I have been so inspired recently reading Presence by Amy Cuddy, an internationally renowned American academic and social psychologist. So much of what she says resonates with me personally and consequently goes to the very heart of my approach to personal development coaching, specifically in relation to communication.
Working with our clients, we spend a lot of time discussing how to make an emotional connection in communication. We explore why, all to often, people make a clear distinction between the person they are at home and the one they allow themself to show at work. We all employ different skills and traits in these two environments of course. But why do we make a conscious choice not to show our working colleagues who we really are and more importantly, show yourself who you really are. Why limit yourself in this way?
In her illuminating book, Cuddy says that presence is ‘the state of being attuned to and able to comfortably express our true thoughts, feelings, values and potential’. She goes on, ‘it is not a permanent, transcendent mode of being. It comes and goes. It is a moment-to-moment phenomenon’.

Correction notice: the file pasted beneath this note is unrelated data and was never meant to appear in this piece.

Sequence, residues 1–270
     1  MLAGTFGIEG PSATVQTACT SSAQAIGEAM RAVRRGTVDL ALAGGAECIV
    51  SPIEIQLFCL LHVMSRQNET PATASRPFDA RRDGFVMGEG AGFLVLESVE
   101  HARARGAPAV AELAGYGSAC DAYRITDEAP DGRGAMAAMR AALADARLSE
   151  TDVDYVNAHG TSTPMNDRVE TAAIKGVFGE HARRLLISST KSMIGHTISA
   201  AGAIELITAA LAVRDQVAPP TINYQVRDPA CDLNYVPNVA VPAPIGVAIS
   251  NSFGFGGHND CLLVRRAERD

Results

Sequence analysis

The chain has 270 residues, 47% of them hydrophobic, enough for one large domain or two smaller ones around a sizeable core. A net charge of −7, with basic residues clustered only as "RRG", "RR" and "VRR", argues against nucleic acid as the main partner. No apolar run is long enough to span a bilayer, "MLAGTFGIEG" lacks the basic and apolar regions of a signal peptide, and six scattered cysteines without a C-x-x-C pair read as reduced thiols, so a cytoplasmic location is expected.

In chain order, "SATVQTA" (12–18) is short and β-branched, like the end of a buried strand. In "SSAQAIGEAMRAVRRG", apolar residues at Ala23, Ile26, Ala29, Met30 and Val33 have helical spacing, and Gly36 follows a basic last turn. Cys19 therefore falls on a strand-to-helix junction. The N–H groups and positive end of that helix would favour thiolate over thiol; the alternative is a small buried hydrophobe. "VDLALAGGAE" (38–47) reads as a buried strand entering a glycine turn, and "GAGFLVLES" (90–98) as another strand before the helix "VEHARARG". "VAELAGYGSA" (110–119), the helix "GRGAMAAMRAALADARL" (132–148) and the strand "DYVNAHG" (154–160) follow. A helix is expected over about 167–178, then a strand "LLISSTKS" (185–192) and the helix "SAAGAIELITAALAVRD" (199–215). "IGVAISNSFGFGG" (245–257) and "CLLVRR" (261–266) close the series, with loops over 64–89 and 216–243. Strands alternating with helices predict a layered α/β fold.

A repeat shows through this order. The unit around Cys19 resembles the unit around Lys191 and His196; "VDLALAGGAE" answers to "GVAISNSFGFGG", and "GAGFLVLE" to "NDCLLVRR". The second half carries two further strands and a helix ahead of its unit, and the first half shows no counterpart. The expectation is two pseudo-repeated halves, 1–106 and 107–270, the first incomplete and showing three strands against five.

Cuddy asserts ‘Presence is about everyday. It’s even, dare I say, ordinary. We can all do it; most of us just don’t know yet how to summon that presence when it escapes us at life’s most critical moments’. She asks ‘Can presence help you to become more successful in the traditional sense? Quite possibly. But what matters more is that it will allow you to approach stressful situations without anxiety, fear and dread and leave them with regret, doubt and frustration. That you accurately and fully represented yourself and your abilities. That you showed them who you really are. That you showed yourself who you really are’.
In our workshops, we pose many rhetorical questions, as well as some that require answers! Delegates get opportunities to practice making an emotional connection and displaying what we refer to as their ‘human element’. We do not attempt to cover presence in the detail that Amy Cuddy does in her book, but just thinking about how much presence you feel you have or display in any given situation can be highly empowering.
I urge you to consider your response to the question in the title.